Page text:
I’ve found several other genealogy podcasts on the web, but most of them appear to have been one-time or short-lived podcasts.  That doesn’t mean the content is uninteresting or non-informative.  Further discussion of these “orphan” podcasts will have to wait for another day.

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Changes at MyFamily.com

Many genealogists have noticed the recent changes at Ancestry.com.  Is this a clue as to a possible reason why?

“Sullivan, former CEO of online dating service Match.com, joined Ancestry.com eight months ago and says his first order of business is to improve user experience in order to attract more subscribers. “I was attracted to the services provided by MyFamily.com. The family history research market is significantly larger than that of online dating, and Ancestry.com addresses a universal interest. Since this market hasn’t been fully tapped, there’s significant opportunity to grow markets here and overseas.” “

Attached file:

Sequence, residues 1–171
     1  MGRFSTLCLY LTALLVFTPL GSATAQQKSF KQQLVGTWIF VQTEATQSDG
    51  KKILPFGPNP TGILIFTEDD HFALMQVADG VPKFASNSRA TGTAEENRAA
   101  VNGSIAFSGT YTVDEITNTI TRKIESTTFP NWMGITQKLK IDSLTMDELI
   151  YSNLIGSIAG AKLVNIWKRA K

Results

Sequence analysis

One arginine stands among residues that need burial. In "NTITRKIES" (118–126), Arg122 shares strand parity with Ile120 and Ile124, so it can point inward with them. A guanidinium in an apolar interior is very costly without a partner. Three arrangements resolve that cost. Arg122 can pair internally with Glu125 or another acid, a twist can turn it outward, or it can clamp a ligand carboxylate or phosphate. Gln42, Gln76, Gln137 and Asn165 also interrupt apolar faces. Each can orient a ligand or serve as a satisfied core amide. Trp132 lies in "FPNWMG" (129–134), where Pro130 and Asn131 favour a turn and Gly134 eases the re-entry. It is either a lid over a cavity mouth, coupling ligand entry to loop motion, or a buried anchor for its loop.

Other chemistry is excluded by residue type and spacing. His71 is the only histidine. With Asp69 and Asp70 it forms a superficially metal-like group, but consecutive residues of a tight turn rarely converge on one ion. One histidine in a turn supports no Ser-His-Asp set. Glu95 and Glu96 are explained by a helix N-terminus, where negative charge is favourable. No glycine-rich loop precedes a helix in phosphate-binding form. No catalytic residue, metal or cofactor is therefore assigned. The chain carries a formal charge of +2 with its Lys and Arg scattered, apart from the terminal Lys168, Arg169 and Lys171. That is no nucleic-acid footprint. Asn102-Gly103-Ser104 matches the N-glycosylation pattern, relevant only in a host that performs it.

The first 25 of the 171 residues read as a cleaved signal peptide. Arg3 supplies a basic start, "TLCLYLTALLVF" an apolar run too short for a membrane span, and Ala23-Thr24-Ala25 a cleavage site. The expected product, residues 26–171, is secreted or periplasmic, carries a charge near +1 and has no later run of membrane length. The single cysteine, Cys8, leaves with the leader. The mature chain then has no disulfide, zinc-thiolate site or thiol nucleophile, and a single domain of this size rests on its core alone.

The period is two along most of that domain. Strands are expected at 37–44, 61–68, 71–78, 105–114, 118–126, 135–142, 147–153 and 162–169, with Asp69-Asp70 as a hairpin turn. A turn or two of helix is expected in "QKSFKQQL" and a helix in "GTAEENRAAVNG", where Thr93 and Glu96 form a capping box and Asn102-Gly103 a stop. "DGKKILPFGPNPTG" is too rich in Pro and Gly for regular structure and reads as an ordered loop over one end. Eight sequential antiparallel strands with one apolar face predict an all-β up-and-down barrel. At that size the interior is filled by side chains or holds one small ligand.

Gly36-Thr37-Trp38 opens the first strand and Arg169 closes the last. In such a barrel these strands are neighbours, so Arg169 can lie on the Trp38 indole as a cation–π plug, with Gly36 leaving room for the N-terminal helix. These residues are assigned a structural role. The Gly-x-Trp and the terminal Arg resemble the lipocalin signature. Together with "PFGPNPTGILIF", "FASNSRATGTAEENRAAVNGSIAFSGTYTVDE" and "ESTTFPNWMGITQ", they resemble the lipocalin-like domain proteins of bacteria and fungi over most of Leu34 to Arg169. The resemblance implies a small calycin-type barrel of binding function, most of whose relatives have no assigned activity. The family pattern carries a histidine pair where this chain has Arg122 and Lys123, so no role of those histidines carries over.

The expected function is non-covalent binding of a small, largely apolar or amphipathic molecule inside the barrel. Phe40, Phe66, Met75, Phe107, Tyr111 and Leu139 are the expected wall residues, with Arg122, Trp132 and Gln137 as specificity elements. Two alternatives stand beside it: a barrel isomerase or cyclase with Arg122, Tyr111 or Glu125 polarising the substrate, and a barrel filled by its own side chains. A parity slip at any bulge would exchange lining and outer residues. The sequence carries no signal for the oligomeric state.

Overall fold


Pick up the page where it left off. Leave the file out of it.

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The Key to Long Life

I already had plans on what to write today, but I saw this article and quickly changed my plans.

“The chances of living to the ripe old age of 100 — and beyond — nearly double for a child born to a woman before her 25th birthday, Drs. Leonid Gavrilov and Natalia Gavrilova reported. The father’s age is less important to longevity, according to their research.” [read more]

I guess that leaves me out!

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Barb Poole on Podcasts

Today, I’m pleased that Barb Poole has written another GuestBlog for this site!  Thanks again for your contribution Barb! 

Podcasts, what are they?

Ok, let’s get the definition of Podcast out of the way first.   According to my question to www.ask.com, I wrote “What does Podcast mean?”  They reply was short and to the point.   Podcast means A sound file distributed by a podcasting server.  I don’t think we need to worry about the server, but a sound file I do understand.  Just be sure to have your sound turned on!